Photo Credit: City of Vancouver Archives. 

Historical Timeline

To read more detailed accounts of our history, see Bartering with the Bones of Our Dead by Laurie Arnold, The Geography of Memory by Eileen Delehanty Pearkes and Swift River by Laura Stovel.

Table of Contents

European Contact and the Fur Trade

The British surveyor, cartographer and fur trade agent David Thompson crossed the Rocky Mountains in 1807 and arrived at the Big Bend of the Columbia River, in the far north of our territory. He travelled south and east of Sinixt territory to reach the Columbia River’s mouth, then came upstream, arriving back in our territory in 1811.

In 1826, the British Hudson’s Bay Company established Fort Colvile beside the great Kettle Falls fishery. Here, traders captured the attention of the region’s many fine hunters, in particular, the Sinixt. In company records, our hunters appear frequently over the next decades, bringing in an outsized number of furs and hides, in trade for rifles, bullets, iron pots, knives, blankets and beads. This trade activity altered seasonal rhythms, and likely eroded traditional pit house culture in the 19th century.

1846 Painting of Dalles des Morts Henry Warre
1846 painting by British Army officer Henry Warre, “Hauling up a Rapid” at Les Dalles Des Morts between Revelstoke and Mica Dam, BC

European Disease and Missionary Conversions

Measles, diphtheria and smallpox arrived even before the first European explorers, about 1780. Fresh waves of disease and epidemic continued to devastate our people, presenting great challenges to established healing practices. We sometimes turned to missionary conversions, often offered alongside vaccines. The first Catholic baptisms occurred in 1838, at Arrowhead on the Columbia River. Baptisms continued at St. Paul’s Mission, established in 1845 close to the trade fort and our fishing falls.

We have a long and complicated relationship with the Catholic Church. We are taught by our elders that all prayers are good.

We are now undertaking research to better understand our population prior to the arrival of European disease.

St. Paul's Mission (reconstructed)
St. Paul's Mission (reconstructed)

An Imposed Boundary, a Reservation and and a Forced Relocation

In 1846, the U.S. and Britain signed the Treaty of Oregon, setting the 49th parallel as the dividing line across our traditional territory. The British closed Fort Colvile in 1859 and opened Fort Shepherd a mile above the boundary, but “the trade” was gradually pulling out of the region. In 1872, a U.S. government executive order forced many Indigenous tribes onto the Colville Indian Reservation, a vast area on both sides of the Columbia River, stretching north to the new international boundary and east to Chewelah, WA.

The process of our forced relocation from Canada began when a British Columbia Indian Agent traveled through our territory above the boundary in the 1880s and did not notice some of us living there year round. No reserve was set up for us in our territory. Since the first days of settlement, the B.C. government had promised that they would set aside land for us at the confluence of the Kootenay and Columbia Rivers. Instead, they sold the land to settlers. Read more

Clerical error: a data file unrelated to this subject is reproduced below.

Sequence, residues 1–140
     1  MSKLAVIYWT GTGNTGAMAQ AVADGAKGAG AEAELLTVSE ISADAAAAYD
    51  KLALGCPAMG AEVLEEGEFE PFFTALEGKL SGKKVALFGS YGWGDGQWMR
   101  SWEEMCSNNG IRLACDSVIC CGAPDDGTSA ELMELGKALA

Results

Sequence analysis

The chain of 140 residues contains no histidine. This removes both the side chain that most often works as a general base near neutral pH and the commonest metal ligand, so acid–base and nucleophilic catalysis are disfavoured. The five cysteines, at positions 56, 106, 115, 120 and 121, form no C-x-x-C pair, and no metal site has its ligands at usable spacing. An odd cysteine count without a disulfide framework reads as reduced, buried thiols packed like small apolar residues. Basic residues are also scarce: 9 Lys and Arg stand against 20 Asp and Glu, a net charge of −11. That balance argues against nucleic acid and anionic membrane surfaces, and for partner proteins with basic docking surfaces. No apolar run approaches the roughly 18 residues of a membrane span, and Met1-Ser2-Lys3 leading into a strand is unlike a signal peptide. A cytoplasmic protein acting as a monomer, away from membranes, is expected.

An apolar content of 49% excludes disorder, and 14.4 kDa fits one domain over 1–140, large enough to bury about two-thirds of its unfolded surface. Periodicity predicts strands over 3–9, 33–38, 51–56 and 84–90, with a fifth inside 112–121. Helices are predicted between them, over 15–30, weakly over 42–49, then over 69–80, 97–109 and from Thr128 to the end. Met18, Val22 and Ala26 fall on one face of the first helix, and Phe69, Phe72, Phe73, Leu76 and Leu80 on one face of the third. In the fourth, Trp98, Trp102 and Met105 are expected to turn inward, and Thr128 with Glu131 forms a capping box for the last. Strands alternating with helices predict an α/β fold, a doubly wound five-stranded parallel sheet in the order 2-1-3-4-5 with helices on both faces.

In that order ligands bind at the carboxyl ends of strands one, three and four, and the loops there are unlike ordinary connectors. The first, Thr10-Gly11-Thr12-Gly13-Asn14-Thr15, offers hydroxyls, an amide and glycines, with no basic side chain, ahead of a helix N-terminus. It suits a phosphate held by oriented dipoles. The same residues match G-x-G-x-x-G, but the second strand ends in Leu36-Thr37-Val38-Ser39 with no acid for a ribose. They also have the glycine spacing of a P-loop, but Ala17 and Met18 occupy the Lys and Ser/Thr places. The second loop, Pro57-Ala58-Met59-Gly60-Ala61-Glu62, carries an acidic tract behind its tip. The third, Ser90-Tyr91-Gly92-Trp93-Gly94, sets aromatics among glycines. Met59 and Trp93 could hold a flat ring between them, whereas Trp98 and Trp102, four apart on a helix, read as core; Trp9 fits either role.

Sinixt people concentrated on the north half of the reservation lands, on the west side of the Columbia River up to the boundary, a place we call “Kelly Hill.” Gold-seeking, farming and settlement created more conflict. Some U.S. settlers claimed land inside these reservation boundaries. In 1891, pressured by mining interests, the government released the north half of the Colville Reservation to settlement.

Map of the Colville Confederated Tribes of the Colville Reservation
When Canada pushed us south, the U.S. included us in the Colville Confederated Tribes of the Colville Reservation. This map demonstrates the traditional territorial reach of all 12 of the confederation’s member tribes, prior to colonization.

Further Exile and the Murder of Cultus Jim

When we lost the North Half, many of us moved again, to Inchelium beside the Columbia River on the diminished CCT reservation. Some took allotments in or around Kelly Hill. Some intermarried with neighbouring tribes. A few left the region altogether. Sinixt people continued to travel quietly across the boundary to hunt, fish and gather in the traditional territory.

Settlers murdered our ancestor “Cultus Jim,” who had come to Galena Bay near Revelstoke with his wife Adeline. She ran to safety. Her son, William (Joe) Barr, recalls the event as she told him. Read an 1895 account of Adeline’s testimony through the eyes of colonial reporters. 

An 1895 newspaper article related to our hunting practices headlined “Dangerous Colvilles.” In response to our time-honoured hunting practices, British Columbia passed a law in 1896 , making it illegal for us to hunt in our territory.

Photo of a blue jay taken near the site of the Cultus Jim murder.
Photo of a blue jay taken near the site of the Cultus Jim murder.
Newspaper clipping
Headline from 1895 newspaper article related to our hunting practices headlined “Dangerous Colvilles.” Click to see full article.

Diaspora, Broken Promises and an Inadequate Reserve in Canada

Like many cultures around the world, we were experiencing a diaspora, or a ‘scattering’ from our traditional homeland. In addition, the historical events we faced led to a unique political extinction in Canada.